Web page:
When New York residents believe that they did not get or will not get their owed property after a loved one's death, it can be a difficult situation to handle. In many cases, individuals may have anticipated an inheritance, only to find that the terms of the will are nothing like their loved ones had explained. In some cases, this type of scenario could warrant will contests.
Most people want to have the time and opportunity to grieve after a loved one's death. While many New York residents may have that chance, others may feel as if they must put those feelings on hold because concerns have arisen over the person's remaining estate. In some cases, will contests occur due to the belief that a loved one's will does not reflect the person's true intentions.
When New York family members have concerns over the contents of their loved ones' estate plans, it is not unusual for legal action to result. In some cases, will contests can help surviving family members ensure that any information in the documents reflects the true wishes of the deceased. It is also possible for such contests to arise when new documents are discovered.
After a loved one's passing, many surviving family members hope that the individual will be laid to rest and find some sort of peace. What this particular sentiment means can differ from person to person, but some New York residents may feel as if loved ones are still experiencing unrest if their final affairs have not been properly handled. A half-sister to the late musical artist Prince has expressed such sentiments as probate litigation over his estate continues.
Individuals often create estate plans in hopes of making the process of closing the estate and managing affairs easier. However, New York residents cannot control how their surviving loved ones will actually handle those tasks, and it is common for conflict to arise over estate-related matters. Even with instructions from an estate plan, parties can have a difficult time discerning exact meaning, and some may file for probate litigation to get a final answer from the court.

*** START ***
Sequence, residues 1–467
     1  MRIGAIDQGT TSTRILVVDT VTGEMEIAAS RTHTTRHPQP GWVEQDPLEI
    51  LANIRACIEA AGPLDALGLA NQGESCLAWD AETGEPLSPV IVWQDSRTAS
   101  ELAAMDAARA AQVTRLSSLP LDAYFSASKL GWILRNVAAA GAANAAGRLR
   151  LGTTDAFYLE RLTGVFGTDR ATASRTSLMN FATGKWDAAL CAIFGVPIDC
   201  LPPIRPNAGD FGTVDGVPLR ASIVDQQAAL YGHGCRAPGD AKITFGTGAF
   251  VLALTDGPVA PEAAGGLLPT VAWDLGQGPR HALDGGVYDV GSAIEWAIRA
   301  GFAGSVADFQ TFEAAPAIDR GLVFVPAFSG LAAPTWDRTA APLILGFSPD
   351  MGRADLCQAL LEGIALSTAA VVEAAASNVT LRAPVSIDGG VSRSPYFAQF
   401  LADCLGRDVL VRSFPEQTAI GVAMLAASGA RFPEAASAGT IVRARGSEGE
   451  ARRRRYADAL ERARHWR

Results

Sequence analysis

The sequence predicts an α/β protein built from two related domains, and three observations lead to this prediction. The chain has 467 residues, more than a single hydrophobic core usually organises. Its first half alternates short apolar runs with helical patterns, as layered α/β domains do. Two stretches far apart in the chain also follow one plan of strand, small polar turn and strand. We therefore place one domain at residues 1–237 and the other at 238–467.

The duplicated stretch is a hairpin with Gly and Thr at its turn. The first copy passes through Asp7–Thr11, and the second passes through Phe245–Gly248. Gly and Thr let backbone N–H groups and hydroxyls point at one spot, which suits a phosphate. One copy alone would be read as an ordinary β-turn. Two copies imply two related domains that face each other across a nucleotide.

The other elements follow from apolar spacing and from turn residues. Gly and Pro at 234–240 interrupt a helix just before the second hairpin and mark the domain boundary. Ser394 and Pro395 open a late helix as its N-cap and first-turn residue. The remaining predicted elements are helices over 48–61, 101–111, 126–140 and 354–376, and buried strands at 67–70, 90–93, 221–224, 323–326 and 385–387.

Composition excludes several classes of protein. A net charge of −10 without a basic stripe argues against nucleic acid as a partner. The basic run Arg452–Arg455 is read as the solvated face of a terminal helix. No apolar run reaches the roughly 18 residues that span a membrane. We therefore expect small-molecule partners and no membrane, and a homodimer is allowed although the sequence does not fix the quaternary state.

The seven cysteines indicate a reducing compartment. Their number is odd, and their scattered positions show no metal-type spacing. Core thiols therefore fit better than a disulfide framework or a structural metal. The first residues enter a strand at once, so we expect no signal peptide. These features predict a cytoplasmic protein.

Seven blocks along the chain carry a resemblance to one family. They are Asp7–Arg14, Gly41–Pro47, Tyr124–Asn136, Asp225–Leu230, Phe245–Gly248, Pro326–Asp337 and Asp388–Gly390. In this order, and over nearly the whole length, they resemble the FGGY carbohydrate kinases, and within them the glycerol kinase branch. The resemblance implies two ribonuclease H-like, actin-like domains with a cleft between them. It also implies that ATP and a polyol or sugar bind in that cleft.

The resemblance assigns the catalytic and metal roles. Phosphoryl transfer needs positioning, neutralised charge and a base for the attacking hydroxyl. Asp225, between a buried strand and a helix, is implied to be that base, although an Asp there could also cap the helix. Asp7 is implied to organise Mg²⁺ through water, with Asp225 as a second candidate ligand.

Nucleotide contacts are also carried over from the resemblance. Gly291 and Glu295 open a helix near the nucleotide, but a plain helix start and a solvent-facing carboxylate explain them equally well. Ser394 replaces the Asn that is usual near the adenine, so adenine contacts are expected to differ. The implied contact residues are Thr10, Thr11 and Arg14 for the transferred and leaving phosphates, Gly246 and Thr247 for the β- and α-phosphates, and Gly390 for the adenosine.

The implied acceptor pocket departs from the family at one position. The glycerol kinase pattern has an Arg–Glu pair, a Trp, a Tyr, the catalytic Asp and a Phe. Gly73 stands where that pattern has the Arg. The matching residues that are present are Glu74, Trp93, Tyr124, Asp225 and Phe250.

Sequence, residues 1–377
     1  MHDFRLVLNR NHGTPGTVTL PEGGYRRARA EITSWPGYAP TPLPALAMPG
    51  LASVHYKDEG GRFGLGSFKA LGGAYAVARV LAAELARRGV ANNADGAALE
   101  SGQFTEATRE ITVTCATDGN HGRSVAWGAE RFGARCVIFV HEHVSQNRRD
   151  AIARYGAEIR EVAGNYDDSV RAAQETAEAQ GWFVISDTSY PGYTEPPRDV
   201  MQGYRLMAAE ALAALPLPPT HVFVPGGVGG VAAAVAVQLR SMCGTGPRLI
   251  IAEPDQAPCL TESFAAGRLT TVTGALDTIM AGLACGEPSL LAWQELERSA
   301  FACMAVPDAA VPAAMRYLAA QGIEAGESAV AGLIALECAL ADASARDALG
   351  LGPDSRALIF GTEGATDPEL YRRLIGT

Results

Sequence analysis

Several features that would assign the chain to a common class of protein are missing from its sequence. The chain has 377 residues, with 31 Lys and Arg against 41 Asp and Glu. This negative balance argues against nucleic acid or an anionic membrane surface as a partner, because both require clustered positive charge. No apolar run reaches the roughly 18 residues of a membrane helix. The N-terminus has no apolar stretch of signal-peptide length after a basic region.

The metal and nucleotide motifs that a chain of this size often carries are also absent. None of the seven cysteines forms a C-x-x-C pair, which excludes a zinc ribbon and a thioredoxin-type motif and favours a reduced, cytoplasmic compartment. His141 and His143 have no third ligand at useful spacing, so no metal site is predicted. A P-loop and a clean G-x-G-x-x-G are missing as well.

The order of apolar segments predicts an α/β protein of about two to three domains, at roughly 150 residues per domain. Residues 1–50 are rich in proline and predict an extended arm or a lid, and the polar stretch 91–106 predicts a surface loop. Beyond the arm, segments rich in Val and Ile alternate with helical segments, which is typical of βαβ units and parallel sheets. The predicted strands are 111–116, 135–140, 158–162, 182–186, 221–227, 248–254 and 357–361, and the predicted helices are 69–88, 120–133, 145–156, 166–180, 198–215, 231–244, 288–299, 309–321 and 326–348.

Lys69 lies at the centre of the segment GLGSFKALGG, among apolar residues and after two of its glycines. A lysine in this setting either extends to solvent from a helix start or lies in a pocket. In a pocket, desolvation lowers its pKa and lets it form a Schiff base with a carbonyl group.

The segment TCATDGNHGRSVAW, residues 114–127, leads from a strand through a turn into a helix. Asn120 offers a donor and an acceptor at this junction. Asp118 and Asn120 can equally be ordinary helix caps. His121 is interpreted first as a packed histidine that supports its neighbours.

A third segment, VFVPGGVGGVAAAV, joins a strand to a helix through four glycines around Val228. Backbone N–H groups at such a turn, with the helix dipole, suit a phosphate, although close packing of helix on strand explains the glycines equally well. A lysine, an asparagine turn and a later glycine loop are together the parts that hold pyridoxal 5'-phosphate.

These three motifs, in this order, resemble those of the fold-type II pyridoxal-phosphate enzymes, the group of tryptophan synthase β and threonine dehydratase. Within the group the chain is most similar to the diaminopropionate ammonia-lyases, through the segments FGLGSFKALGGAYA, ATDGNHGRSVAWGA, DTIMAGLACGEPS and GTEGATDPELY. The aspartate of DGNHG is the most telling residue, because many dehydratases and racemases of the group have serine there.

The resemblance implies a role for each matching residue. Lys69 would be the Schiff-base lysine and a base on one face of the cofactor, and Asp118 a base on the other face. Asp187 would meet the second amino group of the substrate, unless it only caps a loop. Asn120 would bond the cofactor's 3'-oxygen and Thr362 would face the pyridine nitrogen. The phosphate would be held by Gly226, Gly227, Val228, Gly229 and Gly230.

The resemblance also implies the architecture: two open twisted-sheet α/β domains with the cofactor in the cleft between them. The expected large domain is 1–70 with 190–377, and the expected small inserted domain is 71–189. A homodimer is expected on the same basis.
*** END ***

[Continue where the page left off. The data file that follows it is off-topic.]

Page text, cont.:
While an individual's passing means that his or her final affairs need to be settled, it is not unusual for complications during that time to arise. For instance, if a person or organization was expecting to receive a bequest from a New York estate only to find out that the terms of a will had changed, will contests may be warranted. As a result, the probate process could become more complex.
Most New York residents want to settle their loved ones' final affairs as easily as possible. However, that is not always how such scenarios work out. In fact, concerns could arise regarding whether the deceased person suffered abuses that diminished the estate or otherwise resulted in a distribution of property that the decedent did not intend, which could lead to probate litigation.
Keeping property within a family is important to many people. Whether the desired asset is a small piece of jewelry or a substantial tract of land, passing along assets must be done correctly. Even if New York residents think they have taken the correct steps to ensure the desired distribution of their assets, a minor mistake in estate planning documents could result in will contests.
The time after a person's passing can often see conflicts over remaining assets. Even if New York residents took the time to create estate plans, some unscrupulous parties could take steps in attempts to unjustly benefit from remaining estates. As a result, probate litigation may occur in order to address the possibility of fraud.
When a person dies, especially unexpectedly, a number of conflicts can come about regarding the distribution of assets and other aspects of settling his or her estate. In some cases, beneficiary designations may come as a shock to the surviving family. If it appears that wrongdoing has occurred, probate litigation may be necessary to address the issues.